Things to be considered: sometimes writing with the non-dominant hand can create feelings of stress and frustration since it puts us in contact with our own clumsiness. It can bring up memories from childhood lessons and make subconscious content emerge. It is important to advise clients that there is not a “right way” to write with the non-dominant hand and that any sorts of letters are welcome, even if they are illegible. Each person should find their own rhythm and take breaks in between if needed.

Warm-up Exercises

Warm-up exercises are recommended, especially if it is a person’s first time writing with their non-dominant hand.

Gentle massage. First the right hand massages the left hand and then the left hand massages the right hand, in an effort to bring awareness of the differences between both hands.

Doodling. Alternate drawing doodles with one hand and then the other.

Symmetrical drawing. With a pen in each hand, try to make a symmetrical drawing using both hands at the same time.

Writing your name. Write your name 5 times using your non-dominant hand.

Adaptation for Home Use

An interesting variation of this exercise is to hold a dialogue between both hands. Any of the characters can start the dialogue. Once you’ve written a sentence with one hand, switch the pen to the other hand (you can also use a different color or different pen for each hand) and allow yourself a couple of seconds to connect with the energy of the other hand before answering. The dialogue can start as a simply as “Hello, how are you today?” or it can be related to a creative block, a feeling, a thought, etc., for instance, “I’m feeling insecure about my new paintings. Why?”

Client Results

The process of making a caricature of the inner critic is usually quite liberating. It helps to create some distance from the character, to not take it too seriously and to approach it with a sense of humor.

The dialogue between two hands can be enlightening. Here is a short example of a dialogue from a client session:

R.H. (Right Hand): Hello, how are you?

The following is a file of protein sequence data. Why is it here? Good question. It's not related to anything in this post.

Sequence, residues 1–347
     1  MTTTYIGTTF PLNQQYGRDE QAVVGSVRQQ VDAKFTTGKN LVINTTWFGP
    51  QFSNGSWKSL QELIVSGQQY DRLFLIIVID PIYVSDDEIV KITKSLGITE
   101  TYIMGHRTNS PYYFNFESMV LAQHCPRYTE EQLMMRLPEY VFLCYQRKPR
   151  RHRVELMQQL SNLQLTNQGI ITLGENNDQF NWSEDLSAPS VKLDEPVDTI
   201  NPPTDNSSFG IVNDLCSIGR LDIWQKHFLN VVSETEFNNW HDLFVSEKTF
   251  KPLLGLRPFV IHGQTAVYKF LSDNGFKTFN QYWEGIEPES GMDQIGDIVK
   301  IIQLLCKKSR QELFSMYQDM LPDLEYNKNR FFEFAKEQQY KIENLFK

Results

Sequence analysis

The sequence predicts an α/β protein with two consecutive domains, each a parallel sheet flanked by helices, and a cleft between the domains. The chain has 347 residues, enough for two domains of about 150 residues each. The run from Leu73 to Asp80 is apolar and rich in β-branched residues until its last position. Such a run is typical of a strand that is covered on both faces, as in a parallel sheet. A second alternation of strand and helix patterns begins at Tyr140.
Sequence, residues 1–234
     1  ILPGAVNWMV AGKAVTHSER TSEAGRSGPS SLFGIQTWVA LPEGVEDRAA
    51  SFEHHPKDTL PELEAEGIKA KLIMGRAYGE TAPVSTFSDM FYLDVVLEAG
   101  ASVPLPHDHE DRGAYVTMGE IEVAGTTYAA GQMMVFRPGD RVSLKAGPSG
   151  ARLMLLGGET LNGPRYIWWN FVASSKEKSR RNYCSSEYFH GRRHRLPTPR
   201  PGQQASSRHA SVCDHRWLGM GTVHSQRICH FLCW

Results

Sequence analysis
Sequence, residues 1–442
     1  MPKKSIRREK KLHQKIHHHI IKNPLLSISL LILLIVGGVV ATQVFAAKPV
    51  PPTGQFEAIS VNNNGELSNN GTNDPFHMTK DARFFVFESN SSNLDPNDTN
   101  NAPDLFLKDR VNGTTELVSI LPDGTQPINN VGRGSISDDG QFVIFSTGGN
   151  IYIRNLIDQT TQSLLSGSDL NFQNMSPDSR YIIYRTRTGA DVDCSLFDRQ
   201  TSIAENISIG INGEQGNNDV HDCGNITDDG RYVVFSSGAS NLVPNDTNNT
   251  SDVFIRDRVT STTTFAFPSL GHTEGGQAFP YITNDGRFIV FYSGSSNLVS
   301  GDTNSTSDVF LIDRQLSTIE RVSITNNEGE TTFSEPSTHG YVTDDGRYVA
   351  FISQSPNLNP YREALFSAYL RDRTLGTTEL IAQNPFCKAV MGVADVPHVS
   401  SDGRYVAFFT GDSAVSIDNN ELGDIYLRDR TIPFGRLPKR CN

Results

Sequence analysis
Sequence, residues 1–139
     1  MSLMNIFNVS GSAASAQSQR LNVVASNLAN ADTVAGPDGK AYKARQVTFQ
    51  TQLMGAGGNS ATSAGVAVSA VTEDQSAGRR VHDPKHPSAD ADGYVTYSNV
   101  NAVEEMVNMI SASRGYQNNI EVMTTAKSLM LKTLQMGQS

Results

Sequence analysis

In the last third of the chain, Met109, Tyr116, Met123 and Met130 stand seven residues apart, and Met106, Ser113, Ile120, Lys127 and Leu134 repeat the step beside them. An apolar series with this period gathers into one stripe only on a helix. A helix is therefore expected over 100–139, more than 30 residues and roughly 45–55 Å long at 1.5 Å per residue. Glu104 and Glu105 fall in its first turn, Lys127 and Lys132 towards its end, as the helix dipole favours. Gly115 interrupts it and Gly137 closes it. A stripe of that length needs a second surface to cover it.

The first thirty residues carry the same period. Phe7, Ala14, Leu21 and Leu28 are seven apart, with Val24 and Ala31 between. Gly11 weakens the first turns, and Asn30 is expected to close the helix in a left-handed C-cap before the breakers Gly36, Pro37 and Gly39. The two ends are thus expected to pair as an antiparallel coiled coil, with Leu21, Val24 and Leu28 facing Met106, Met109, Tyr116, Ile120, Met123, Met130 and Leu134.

L.H. (Left Hand): Weird. I feel clumsy. I want to write faster and nicer but I can’t.

R.H: Does it bother you that I write faster and better than you?

L.H: Yes!!! It does. It bothers me to be compared to you all the time.

R.H: I do it to help you grow.

L.H: Well, it doesn’t help. It makes me angry.

R.H: Oh! I didn’t know that. Sorry! How can I help?

L.H: Stop putting pressure on me and accept that I have a different rhythm. It is OK to be slow!!!!

After this dialogue, the client realized there was nothing wrong with his own rhythm of creation, which was maybe “slower” than the demands of his inner critic. He made a drawing of his left hand and placed it next to his work space. Every time he looked at it, it reminded him that it was okay to work more slowly.

About Beatriz Martinez Barrio

Beatriz Martínez Barrio is a visual artist and art therapist based in Madrid, Spain. She uses art as an introspective and healing tool to help people reconnect with their own source of creativity and wisdom. She specializes in creative processes that involve the use of photography and video. For more than a decade, she has been coordinating the Master of Photography course at EFTI School of Photography in Madrid, where she helps students find their strengths in the visual languages. She also uses photography and art in her private art therapy sessions and creative workshops. She collaborates as a professor in various art therapy schools in Madrid. For more information, visit